Whether you are considering going to university, or your child is about to embark into the world of tertiary education, this three part series will help inform everyone on the finical side of university. Part one will discuss what sort of help the New Zealand government can offer. Part two will offer advice on how to prepare finically for university, and part three will discuss how to manage your finances while at university. The main aim of this series is to help reduce getting into such debt in the first place.
Student loans, student allowance, living costs and course costs, are the four forms of financial help available to students in New Zealand. Three years ago, I was the first child in my family to go through the dreaded process of having to apply for all these things. In this article, I hope to shed some light on the topic of student finances to help make the whole process a little easier.
First of all, whats the difference between the four?
Student loan = This is money you never get in your hand, once it is applied for, and accepted, it is paid straight to your university to cover your course fees. You can receive this no matter what your paternal income is, as long as you meet the New Zealand residency requirements. This has to be paid back. Currently, it is interest free unless you leave New Zealand. A standard arts and commerce degree per year is $7000-10,000 and science degrees are $10,000 and up a year, depending on your course, with degrees such as medicine and dentistry costing significantly more. The tax department will deduct money off your wages when you are earning more than roughly $20,000 a year. You can also make voluntary repayments as well to supplement those from wages.
Course related costs = each year, you are allowed to borrow up to $1000 for course costs, such as for text books, special clothing, equipment or computers. This is added to your student loan. You can be asked for proof of where this money was actually spent at anytime, so it pays to only take as much of this $1000 as you need, and keep all of the receipts. You can access this money at anytime during the study year, and multiple times. So you could take out $400 for semester one, and $500 for semester two.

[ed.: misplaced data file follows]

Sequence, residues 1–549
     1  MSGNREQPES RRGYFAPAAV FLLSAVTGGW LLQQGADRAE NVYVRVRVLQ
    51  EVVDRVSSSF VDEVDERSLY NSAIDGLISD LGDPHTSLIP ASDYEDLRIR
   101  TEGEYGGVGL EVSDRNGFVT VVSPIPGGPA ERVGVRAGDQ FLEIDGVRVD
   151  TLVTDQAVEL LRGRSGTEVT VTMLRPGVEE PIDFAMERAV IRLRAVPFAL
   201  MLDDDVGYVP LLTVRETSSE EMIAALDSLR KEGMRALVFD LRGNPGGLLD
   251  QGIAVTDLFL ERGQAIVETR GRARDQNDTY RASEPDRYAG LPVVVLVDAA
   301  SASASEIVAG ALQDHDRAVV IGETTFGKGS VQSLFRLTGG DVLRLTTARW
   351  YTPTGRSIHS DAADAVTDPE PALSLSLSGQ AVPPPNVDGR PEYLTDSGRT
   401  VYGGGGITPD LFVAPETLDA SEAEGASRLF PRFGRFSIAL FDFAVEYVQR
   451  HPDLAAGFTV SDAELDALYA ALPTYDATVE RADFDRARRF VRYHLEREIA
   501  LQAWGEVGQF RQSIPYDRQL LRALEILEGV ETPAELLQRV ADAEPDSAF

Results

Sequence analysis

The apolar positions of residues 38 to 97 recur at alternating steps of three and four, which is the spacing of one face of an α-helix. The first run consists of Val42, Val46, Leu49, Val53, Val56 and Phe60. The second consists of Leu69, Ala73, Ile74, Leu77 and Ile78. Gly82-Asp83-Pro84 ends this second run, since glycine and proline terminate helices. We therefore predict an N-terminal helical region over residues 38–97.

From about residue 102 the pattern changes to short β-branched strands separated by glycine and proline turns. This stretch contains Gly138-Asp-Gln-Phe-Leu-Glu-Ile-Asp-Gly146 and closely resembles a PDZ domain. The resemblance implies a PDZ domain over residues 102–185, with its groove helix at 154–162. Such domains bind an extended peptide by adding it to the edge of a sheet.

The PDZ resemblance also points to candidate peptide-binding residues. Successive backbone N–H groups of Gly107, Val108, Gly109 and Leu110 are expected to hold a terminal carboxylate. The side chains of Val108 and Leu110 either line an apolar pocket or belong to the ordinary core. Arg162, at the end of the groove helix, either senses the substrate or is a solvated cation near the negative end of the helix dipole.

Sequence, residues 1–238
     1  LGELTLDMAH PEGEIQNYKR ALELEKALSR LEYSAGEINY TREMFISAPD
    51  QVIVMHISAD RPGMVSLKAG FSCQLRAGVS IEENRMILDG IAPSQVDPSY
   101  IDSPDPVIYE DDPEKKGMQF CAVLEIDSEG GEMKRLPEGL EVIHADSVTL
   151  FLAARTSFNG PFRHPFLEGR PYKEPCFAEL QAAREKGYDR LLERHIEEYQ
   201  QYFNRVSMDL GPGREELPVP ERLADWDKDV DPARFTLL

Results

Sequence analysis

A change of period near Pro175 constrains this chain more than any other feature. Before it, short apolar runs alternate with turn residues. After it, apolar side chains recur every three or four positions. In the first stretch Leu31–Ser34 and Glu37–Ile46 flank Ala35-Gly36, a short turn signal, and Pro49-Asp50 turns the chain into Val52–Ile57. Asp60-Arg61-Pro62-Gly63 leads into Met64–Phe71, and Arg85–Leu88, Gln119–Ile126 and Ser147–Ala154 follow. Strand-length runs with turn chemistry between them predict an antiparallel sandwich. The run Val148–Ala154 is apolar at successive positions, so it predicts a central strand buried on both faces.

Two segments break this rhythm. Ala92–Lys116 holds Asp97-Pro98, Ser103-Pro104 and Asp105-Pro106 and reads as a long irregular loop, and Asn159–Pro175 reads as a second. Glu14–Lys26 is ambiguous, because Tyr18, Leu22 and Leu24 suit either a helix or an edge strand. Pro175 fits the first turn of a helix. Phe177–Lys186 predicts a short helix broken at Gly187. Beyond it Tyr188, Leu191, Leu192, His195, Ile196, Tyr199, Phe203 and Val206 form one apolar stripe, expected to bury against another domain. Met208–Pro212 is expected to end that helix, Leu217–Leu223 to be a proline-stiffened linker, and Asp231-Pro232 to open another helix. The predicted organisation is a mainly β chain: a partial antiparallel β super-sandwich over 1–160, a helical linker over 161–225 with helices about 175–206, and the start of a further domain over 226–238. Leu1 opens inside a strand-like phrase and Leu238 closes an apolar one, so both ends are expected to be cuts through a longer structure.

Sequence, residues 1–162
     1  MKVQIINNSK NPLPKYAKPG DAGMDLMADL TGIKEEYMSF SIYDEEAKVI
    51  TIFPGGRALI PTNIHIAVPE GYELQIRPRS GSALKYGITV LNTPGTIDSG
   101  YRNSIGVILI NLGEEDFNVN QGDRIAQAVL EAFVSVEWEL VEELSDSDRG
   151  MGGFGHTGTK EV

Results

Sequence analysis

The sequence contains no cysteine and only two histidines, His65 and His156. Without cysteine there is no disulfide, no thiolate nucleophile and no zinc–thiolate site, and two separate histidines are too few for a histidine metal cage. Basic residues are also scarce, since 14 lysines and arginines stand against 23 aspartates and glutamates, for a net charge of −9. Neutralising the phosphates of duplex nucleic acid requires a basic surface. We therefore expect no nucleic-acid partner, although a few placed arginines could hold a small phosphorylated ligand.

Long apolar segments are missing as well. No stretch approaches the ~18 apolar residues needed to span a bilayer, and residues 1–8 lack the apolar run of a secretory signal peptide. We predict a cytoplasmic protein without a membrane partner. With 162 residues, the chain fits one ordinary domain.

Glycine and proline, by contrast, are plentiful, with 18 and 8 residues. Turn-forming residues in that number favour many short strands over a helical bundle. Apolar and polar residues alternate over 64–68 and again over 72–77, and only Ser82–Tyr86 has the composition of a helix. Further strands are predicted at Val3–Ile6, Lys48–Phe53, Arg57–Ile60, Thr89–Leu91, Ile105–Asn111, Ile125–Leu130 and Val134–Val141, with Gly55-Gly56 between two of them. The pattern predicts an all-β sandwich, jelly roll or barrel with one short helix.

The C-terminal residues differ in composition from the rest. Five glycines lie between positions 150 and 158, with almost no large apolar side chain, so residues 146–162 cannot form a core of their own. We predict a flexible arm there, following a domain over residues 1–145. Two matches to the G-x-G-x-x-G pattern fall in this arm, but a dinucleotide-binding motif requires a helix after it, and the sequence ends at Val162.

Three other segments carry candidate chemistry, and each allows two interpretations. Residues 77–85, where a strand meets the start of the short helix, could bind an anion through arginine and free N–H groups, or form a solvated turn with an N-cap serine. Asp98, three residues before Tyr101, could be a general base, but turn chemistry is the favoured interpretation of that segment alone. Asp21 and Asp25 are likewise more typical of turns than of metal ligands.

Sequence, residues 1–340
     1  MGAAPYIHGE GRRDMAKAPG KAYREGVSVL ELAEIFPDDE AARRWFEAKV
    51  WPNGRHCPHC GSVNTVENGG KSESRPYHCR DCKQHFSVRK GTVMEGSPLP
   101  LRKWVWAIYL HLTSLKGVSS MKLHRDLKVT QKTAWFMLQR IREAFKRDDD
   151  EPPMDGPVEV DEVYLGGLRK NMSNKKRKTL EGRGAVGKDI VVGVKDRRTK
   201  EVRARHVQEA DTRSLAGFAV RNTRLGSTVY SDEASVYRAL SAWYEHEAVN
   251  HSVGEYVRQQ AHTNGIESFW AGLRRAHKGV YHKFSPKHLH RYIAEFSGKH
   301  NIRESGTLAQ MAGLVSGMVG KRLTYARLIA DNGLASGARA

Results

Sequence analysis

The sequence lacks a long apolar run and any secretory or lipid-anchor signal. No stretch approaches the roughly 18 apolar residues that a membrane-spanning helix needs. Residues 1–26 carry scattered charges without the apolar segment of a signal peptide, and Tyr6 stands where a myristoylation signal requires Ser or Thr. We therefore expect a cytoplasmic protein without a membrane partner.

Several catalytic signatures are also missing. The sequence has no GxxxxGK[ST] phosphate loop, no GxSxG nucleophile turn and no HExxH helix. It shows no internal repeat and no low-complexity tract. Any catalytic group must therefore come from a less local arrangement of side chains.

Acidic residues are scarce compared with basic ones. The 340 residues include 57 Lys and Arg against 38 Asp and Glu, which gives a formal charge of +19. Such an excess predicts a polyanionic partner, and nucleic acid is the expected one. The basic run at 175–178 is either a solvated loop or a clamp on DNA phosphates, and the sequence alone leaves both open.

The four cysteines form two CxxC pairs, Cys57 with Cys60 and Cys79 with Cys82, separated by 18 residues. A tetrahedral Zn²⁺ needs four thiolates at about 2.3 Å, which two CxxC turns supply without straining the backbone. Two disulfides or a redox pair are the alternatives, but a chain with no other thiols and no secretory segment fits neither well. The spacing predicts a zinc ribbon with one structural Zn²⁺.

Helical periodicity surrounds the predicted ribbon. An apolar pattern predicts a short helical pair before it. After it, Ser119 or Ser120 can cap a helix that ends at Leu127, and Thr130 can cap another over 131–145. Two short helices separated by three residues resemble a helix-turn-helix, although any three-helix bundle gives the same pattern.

Student allowance = This is the only help for students in New Zealand, that is NOT required to be paid back. It is a form of benefit. It is based on your parents income, and if they earn under a certain amount, then you are able to qualify for up to $200 a week. The amount varies on the amount your parents earn, whether you live a way from home, and how much you, the student earns. The student can earn up to 200 a week before the allowance gets affected.
Living costs = If your parents earn more than the threshold for student allowance, or if you don't get much from student allowance, then you can get living costs. This also goes on you loan, and you can borrow up to $180 a week. What ever you earn from student allowance is deducted form this. So if you got $100 from your allowance, you could borrow $80 from living costs.
Now that that has been explained, lets crunch some numbers.
Imagine if you were unable to qualify for student allowance, because your parents earn too much, so you rely on the government for all of your university
A average year at university tuition fees is about $9000
plus course costs $1000
plus living costs for 40 weeks of the year =7,200
The average degree is 3 years, so if you needed to rely on the government for all your student finances , you would be in $51,600 worth of debt. That is a lot of debt for a young person to carry on their shoulders when they are just making their way into the world. Even if you do qualify for student allowance, you could still end up with $30,000 debt, which is not a small figure either.
But never fear! In part two of this series, I will be offering you some advice on how to prepare for the finical cost of university
To access more information or to apply for any of the above, head to the study link website. Make sure you apply for these well in advance, like in the November before the year you start studying. They take a long to process, and require quite a bit of information, including copies of birth certificates, and proof of paternal income. They can be quite particular about what counts as evidence.